Girls arrive at their school in Panjshir, Afghanistan, on Wednesday. AFP
Afghanistan’s Taliban rulers unexpectedly decided against reopening schools on Wednesday to girls above the sixth grade, reneging on a promise and opting to appease their hard-line base at the expense of further alienating the international community. So far, they have refused to explain the sudden decision.
"As women and as foreign ministers, we are deeply disappointed and concerned that girls in Afghanistan are being denied access to secondary schools this spring," the foreign ministers of Albania, Andorra, Australia, Belgium, Bosnia, Canada, Estonia, Germany, Iceland, Kosovo, Malawi, Mongolia, New Zealand, Sweden, Tonga and Britain said in a joint statement.
Girls arrive at their school in Kabul on Wednesday. AFP
They said the decision "is particularly disturbing as we repeatedly heard their commitments to open all schools for all children.”
"We call upon the Taliban to reverse their recent decision and to grant equal access to all levels of education, in all provinces of the country," they added.
At UN headquarters in New York, the Security Council had a closed-door discussion on the issue. Before it started, ambassadors from Albania, Britain, Brazil, France, Gabon, Ireland, Mexico, Norway, the United States and the United Arab Emirates stood together to decry the Taliban's decision.
"It is a profoundly disturbing setback,” Emirati Ambassador Lana Nusseibeh, the current council president, said in reading a joint statement.
The world has been reluctant to officially recognize Afghanistan’s new rulers, concerned the Taliban would impose similar harsh measures and restrictions - particularly limiting women’s rights to education and work - as when they previously ruled the country in the late 1990s.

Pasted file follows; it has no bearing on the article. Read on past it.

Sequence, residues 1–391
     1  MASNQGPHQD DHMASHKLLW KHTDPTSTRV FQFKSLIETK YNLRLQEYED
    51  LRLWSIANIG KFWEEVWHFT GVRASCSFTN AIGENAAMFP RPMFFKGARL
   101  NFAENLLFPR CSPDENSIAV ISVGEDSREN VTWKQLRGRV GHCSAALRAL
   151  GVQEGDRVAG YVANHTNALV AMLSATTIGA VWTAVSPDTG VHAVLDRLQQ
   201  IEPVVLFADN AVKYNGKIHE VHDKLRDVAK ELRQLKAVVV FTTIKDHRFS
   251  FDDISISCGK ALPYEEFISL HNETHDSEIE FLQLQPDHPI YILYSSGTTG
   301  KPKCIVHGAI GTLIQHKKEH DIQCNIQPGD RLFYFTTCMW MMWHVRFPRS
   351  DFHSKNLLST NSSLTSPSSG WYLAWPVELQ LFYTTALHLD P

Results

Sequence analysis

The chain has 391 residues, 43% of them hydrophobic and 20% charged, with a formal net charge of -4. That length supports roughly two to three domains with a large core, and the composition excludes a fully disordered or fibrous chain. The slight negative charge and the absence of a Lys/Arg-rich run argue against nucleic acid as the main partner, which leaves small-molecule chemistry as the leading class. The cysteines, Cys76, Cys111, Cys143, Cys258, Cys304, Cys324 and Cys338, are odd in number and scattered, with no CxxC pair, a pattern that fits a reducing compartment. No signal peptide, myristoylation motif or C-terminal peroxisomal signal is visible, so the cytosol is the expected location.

The foreign ministers said they "watch closely whether the Taliban deliver on their assurances.”
"We will measure them by their actions, not by their words,” they said. "The scope and extent of our countries’ engagement in Afghanistan beyond humanitarian assistance will be tied to their achievements in this regard.”
They said access to education is a human right to which every girl and woman as entitled, and that "no country can afford to not take advantage of the potential and talent of its entire people.”
It is not yet clear whether closing the education avenue for girls from sixth class onward is a temporary measure and they want to review the decision. The Taliban do not have a firm view in the matter.
When 20-year-old Salgy found out last week that she had topped some 200,000 students who took Afghanistan’s university entrance exam this year, she was elated. For months, she had locked herself away in her room in the capital Kabul to study,
Crestfallen students, back at school for the first time since the Taliban seized power in August last year, tearfully packed up their belongings and filed out.
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